After the 1930s, however, historians questioned the earlier interpretation and instead emphasized pro-Hasmonean statements in rabbinic literature and assumed literary rather than political explanations for the centrality of the cruse of oil story. In part motivated by Zionist ideology, this scholarship paved the way for a positive view of the Hasmoneans as models for modern Israeli statehood. These scholars correctly noted that rabbinic literature is not historiography, and therefore omission of even significant events need not arouse attention. Nevertheless, Judah the Maccabee seems too central to miss even taking into account the spotty nature of the Talmud.

Vered Noam, in her book Shifting Images of the Hasmoneans: Second Temple Legends and Their Reception in Josephus and Rabinnic Literature, resolves this aporia and arrives at a more nuanced conclusion by separating individual Hasmonean leaders from their collective achievements: “The rabbis cherished the Hasmonean victory and the national freedom to which it gave birth, but steadfastly refused to regard military-political leaders as figures worthy of emulation. Instead of idolizing a fighter, the leader of a rebellion, they preferred to ignore him as an individual and to praise an anonymous victory.”

While the Talmud censors the names of the first generation of Mattathias’s sons, they do mention positively the second generation Hasmonean leader John Hyrcanus. But that is only because they are able to portray him as a rabbinized sage who received prophecy, drawing on an ancient tradition also cited by Josephus. For the next two generations, Talmudic stories vilify Alexander Yannai and his sons and defend the reputation of the Pharisaic leaders. In sum, the rabbis endorse the political aspirations of the Hasmoneans, but praise individuals Hasmoneans only if they fit into a Pharisaic/rabbinic model.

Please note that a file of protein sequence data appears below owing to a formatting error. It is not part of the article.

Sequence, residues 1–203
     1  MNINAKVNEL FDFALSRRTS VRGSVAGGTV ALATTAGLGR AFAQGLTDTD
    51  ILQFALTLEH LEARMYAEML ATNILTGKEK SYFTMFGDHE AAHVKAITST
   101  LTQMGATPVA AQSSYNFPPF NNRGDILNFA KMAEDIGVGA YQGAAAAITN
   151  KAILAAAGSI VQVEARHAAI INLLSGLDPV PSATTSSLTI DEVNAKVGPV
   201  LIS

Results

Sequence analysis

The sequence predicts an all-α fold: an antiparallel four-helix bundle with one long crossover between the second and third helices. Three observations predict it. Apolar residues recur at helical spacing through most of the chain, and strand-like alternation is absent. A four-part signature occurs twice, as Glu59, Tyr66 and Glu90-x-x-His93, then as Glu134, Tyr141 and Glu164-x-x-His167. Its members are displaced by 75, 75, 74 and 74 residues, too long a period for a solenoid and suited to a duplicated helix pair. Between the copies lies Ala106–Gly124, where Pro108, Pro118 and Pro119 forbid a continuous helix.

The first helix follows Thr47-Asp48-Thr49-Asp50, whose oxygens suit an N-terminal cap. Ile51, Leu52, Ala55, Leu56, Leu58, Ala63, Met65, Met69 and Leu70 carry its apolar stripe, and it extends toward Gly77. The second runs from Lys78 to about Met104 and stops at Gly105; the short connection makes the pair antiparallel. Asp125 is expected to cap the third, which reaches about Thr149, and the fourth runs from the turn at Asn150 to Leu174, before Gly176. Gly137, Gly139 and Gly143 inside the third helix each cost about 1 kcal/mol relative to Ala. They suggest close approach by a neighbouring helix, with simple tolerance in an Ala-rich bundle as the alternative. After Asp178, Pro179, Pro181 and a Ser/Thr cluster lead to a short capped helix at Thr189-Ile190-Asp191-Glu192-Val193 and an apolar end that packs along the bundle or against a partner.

All of this contrasts with Josephus, who extols the Hasmonean leaders beyond even the praise lavished on them in 1 Maccabees, his primary source. He also introduces some criticisms of the Pharisees in order to mitigate the evil of the last generations of Hasmoneans. Josephus may have ended his days in the Pharisaic camp, but he also remembered his Hasmonean ancestry and, in a conflict, preferred the latter over the former.

With her typical erudition and insight, Noam reviews six significant narratives about the Hasmonean dynasty as recorded in Josephus and rabbinic literature. This book focuses less on what really happened and more on what Josephus and the rabbis thought of the Hasmoneans. She does this by peeling away each layer of these traditions so that they can be compared and contrasted side by side.

While previous scholars have assumed that the rabbis drew their stories directly or indirectly from Josephus, Noam’s project proves that rabbinic traditions stand independent of Josephus and that both draw upon earlier sets of traditions, many deriving from now-lost Pharisaic sources. Fascinatingly, this means that some details within rabbinic stories may retain greater historical accuracy than discrepancies in Josephus, despite the former composing their works centuries after the latter.

Having become one of the most popular holidays in the Jewish calendar, Jews today continue to celebrate Hanukkah and retell the stories of Judah the Maccabee and his family. Different people will choose to emphasize various aspects of these stories to reflect their own views on politics, power, sovereignty, and assimilation. But this is nothing new. As Noam demonstrates, each narrative retelling teaches us as much about their original Maccabean subjects as about the storytellers themselves.

Image via Die Bibel in Bildern / Wikimedia Commons

Rabbi Dr. Richard Hidary is Associate Professor of Judaic studies at Yeshiva University and author of, most recently, Rabbis and Classical Rhetoric: Sophistic Education and Oratory in the Talmud and Midrash (Cambridge University Press, 2017)

A Shifting View

Monday, November 26, 2018 | Permalink

By Angela Himsel

Going through my parents’ effects in southern Indiana after their deaths two years ago was a massive and, at times, mystifying undertaking. We unearthed my youngest sister Rachael’s baby teeth, complete with the date they fell out and my father’s meticulous handwritten notes on how hard she cried. There was a National Geographic from 1926, and black and white photos of Israel dating from World War II—mystifying because my parents had never been to Israel. I suspected that my mother, who’d worked as a private sitter for elderly people, had been gifted these items after one of her patients had passed on.